Earlier this year, Elon Musk’s company, Neuralink successfully installed a sci-fi favourite, the brain chip, into a human test subject. Known as Telepathy, the chip has been charmingly dubbed the “fitbit in your skull” and is designed to create a direct brain-computer connection.

There is plenty to celebrate here. Ever since it was founded back in 2016, Neuralink’s mission has been to restore autonomy to those with unmet medical needs, like quadriplegia or paralysis. Its successful test run signals an important milestone towards reaching that goal.

But if hacking a computer is scary then hacking someone’s brain directly could be terrifying. Cybersecurity experts have even raised concerns about mind control. Who owns your thoughts if they can be translated into data?

At its core, Telepathy is a medical device. Robust security measures are required to ensure it is deployed safely. Given how poorly-regulated the AI sector currently is – and the chaotic leadership style of Elon Musk – this looks like wishful thinking for Neuralink.

5. Voice replication AI

AI technology is progressing so quickly, even those behind it are at times trying to slow its development. We saw this earlier this week, when OpenAI delayed its as-yet-unreleased voice cloning tool. The decision – which was likely part-truth, part-PR stunt – was supposedly due to fears it could be ‘misused’ in the current election year.

A small group of “trusted” organisations were given access to the tool, which can accurately mimic a human speaker using only 15 seconds of audio. It can also distort the voice to discuss topics in multiple languages.

OpenAI is unlikely to hold off release of the tool for too long. Once out there, the tool’s generative potential could see it used to spew buckets of fake and harmful content, adding to a cesspit of bots and trolls that have been found to populate social media sites like X.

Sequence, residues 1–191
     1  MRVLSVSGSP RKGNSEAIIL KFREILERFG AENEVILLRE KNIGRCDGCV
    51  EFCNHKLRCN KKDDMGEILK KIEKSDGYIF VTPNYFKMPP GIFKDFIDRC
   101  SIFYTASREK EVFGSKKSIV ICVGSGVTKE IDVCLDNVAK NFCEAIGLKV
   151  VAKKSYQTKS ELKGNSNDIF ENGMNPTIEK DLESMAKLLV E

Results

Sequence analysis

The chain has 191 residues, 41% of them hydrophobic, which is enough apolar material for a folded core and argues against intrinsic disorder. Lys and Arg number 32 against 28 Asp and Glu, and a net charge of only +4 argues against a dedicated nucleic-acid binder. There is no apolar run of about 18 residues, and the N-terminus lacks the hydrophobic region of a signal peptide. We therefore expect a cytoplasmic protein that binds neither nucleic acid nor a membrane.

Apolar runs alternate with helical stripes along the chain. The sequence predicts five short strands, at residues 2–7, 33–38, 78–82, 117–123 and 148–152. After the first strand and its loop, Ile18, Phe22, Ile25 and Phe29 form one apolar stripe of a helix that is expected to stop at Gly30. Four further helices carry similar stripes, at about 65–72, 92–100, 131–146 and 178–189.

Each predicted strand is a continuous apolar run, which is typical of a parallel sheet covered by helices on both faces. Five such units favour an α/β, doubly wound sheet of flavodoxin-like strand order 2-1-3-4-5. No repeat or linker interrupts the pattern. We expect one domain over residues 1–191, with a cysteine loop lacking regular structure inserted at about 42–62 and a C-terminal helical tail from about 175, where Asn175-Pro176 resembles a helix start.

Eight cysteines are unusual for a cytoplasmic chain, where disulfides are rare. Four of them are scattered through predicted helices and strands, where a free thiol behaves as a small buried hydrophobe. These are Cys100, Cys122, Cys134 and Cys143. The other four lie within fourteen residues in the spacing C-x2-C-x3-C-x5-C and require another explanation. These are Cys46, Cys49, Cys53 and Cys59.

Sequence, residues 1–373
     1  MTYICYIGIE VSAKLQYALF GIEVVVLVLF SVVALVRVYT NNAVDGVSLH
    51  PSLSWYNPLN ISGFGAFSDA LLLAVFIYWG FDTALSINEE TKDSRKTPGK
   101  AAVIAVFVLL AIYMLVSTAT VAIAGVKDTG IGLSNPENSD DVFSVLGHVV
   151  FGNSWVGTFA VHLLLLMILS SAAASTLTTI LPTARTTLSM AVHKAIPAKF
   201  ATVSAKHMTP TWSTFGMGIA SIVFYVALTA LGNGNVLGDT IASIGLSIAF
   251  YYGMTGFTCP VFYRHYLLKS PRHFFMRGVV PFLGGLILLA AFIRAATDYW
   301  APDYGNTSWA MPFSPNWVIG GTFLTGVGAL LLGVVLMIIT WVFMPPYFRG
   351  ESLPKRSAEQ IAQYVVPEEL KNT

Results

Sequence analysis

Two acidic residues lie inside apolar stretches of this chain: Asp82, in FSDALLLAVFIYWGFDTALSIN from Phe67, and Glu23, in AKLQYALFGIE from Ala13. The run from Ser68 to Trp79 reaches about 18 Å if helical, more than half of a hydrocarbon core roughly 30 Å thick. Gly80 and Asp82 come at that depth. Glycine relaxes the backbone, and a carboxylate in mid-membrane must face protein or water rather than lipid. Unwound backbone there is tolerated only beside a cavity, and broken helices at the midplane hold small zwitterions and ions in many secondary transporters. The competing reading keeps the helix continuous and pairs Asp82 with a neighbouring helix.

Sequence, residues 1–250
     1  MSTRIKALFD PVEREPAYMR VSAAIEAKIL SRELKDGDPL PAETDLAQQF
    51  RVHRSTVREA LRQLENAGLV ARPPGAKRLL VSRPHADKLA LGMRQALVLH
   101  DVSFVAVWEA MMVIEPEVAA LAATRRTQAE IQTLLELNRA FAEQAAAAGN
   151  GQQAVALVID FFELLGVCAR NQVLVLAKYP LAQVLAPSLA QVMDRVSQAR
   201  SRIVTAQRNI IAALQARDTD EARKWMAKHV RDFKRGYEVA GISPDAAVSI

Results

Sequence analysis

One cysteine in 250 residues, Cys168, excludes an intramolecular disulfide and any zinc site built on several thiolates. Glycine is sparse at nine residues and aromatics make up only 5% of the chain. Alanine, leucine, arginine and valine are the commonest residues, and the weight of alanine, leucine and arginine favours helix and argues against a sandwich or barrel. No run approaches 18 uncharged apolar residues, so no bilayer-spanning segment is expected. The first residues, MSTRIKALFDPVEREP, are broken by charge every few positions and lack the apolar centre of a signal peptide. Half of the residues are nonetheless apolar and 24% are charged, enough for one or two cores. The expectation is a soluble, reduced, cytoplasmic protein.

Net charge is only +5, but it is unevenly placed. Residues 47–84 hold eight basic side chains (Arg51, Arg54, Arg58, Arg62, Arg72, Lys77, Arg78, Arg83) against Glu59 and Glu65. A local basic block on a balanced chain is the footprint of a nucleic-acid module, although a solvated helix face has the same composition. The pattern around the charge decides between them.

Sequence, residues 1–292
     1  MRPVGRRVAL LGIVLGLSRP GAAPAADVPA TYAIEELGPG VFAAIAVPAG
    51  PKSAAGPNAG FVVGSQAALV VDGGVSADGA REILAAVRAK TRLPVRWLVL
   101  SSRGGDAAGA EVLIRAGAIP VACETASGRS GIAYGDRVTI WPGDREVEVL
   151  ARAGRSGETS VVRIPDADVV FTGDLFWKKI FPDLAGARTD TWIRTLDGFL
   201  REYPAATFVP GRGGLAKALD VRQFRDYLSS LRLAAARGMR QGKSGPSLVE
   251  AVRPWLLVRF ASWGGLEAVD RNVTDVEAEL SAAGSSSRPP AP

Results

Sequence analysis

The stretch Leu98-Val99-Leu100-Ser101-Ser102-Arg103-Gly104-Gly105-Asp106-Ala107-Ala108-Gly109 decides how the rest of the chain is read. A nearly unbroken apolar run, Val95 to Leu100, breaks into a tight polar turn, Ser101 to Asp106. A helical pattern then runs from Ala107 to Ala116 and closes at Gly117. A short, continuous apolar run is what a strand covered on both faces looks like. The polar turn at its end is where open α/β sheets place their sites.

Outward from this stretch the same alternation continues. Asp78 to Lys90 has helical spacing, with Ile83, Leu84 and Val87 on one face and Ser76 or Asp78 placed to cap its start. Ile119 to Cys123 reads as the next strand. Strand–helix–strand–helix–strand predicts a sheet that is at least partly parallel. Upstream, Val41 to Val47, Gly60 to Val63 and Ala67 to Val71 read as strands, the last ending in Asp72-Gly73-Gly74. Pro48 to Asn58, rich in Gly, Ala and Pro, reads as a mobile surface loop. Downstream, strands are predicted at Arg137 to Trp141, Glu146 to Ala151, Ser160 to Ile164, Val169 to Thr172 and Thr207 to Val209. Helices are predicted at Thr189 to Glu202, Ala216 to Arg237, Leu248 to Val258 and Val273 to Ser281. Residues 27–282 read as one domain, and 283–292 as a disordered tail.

Others will want in on the voice cloning action, of course. Amazon previously considered rolling out a voice replication feature to its virtual assistant, Alexa that would allow users to hear from deceased relatives. The OpenAI announcement could invite Amazon to revive the idea.

Innovative startups are working to resolve potential problems. Unitary.ai, for example, analyses three billion images a day to combat online disinformation. But AI content is hard enough to verify. That will only become more difficult when it can literally argue back.

6. AI-generated advertising


Credit: Chris Alsikkan/X

We had as many laughs as the next person about the confectionary-led car crash that was Glasgow’s ‘Willy Wonka’ experience. Advertised using AI-generated gibberish, visitors who were promised life-sized lollipops levels of fun were instead met by what can only be described as the Pound Shop wonderland.

The ethics of machine learning to generate business names has already been called into question. Applying it to misleading marketing materials is even more alarming.

Still, while Scotland’s Wonka legacy was undoubtedly a cultural first (it’s even spawned a meme-inspired horror film) it likely won’t be the last AI imagery nightmare you see this year.

Amazon has already rolled out a tool to create machine-generated product imagery. What’s next: false, smiling coworkers pictured in job adverts? Cartoonish property listings? If we’re not careful, we could find ourselves stuck in a world of pure AI imagination.

Written by:
Helena Young
Helena is Lead Writer at Startups. As resident people and premises expert, she's an authority on topics such as business energy, office and coworking spaces, and project management software. With a background in PR and marketing, Helena also manages the Startups 100 Index and is passionate about giving early-stage startups a platform to boost their brands. From interviewing Wetherspoon's boss Tim Martin to spotting data-led working from home trends, her insight has been featured by major trade publications including the ICAEW, and news outlets like the BBC, ITV News, Daily Express, and HuffPost UK.